Some Shared Characteristics of Fragile X and Autism

Images of the frontal cortex stained for the FMRP protein. Courtesy: Jarek Wegiel

Fragile X syndrome (FXS), caused by lack of fragile X mental retardation protein (FMRP), is associated with a high prevalence of autism. In people with duplication of a portion of chromosome 15 (Dup15q), about 80% also have a diagnosis of autism, presumably due to the genetic differences on chromosome 15. It is not clear whether these individuals have any alterations of FMRP. This study tested the hypothesis that both idiopathic (no genes currently known) and syndromic (Dup15q) autism are associated with brain region-specific deficits of neuronal FMRP and structural changes of the affected neurons. Researchers at the Institute of Basic Research in NY carried out immunohistochemical staining of postmortem brain tissue and discovered that FMRP is missing in neurons in the cerebral cortex and that these neurons appear shrunken. Other brain cells appear to have too much FMRP. The authors suggest that dysregulation of FMRP may be a common feature of autism beyond Fragile X syndrome.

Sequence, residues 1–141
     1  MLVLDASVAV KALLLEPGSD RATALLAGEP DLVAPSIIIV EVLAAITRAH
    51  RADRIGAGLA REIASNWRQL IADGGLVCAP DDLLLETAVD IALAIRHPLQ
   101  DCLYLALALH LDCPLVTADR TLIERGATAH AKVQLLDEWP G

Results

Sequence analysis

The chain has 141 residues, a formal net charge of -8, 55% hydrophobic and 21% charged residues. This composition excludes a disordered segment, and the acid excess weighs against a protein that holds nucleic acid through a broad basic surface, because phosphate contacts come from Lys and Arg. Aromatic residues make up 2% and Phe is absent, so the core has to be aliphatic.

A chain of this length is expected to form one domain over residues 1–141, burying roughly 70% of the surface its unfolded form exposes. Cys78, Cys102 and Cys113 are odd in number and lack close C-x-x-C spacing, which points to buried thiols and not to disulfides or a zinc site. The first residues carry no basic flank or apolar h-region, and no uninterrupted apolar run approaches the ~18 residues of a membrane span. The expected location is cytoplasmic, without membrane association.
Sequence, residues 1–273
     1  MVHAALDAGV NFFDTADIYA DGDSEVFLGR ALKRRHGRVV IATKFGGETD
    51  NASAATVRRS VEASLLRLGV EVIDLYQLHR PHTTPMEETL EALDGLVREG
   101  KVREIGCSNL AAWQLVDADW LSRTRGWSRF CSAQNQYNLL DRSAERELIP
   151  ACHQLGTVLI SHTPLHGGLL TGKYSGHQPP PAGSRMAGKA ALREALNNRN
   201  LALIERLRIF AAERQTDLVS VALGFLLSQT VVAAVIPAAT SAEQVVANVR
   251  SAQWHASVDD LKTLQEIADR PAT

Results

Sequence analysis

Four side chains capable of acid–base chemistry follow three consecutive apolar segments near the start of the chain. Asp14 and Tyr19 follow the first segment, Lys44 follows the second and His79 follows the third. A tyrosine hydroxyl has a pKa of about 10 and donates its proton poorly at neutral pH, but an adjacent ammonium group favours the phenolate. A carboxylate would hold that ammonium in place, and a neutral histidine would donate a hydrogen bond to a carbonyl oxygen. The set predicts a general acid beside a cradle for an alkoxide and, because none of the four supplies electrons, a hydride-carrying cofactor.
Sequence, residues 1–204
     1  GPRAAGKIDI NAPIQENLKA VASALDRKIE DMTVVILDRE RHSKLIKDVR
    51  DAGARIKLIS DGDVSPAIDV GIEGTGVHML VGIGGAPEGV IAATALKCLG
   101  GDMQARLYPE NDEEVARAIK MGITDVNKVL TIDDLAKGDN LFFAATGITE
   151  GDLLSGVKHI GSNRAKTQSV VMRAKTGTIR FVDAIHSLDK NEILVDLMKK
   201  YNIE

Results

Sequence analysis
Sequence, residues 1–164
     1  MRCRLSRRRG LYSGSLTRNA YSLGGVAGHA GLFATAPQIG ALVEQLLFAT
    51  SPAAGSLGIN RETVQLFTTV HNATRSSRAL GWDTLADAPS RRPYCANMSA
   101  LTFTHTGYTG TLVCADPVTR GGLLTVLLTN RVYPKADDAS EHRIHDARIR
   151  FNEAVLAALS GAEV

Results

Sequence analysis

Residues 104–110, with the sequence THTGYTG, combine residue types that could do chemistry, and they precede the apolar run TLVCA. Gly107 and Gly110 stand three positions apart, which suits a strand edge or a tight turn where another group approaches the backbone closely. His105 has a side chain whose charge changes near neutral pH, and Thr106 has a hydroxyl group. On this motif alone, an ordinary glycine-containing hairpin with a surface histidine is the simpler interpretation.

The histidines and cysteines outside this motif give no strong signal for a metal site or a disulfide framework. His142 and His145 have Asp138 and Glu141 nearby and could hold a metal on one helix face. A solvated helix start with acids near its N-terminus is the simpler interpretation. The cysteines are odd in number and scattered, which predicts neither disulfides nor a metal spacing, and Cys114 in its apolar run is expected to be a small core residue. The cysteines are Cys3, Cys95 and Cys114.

Wegiel J, Brown WT, La Fauci G, Adayev T, Kascsak R, Kascsak R, et al. (2018): The role of reduced expression of fragile X mental retardation protein in neurons and increased expression in astrocytes in idiopathic and syndromic autism (duplications 15q11.2-q13). Autism Res.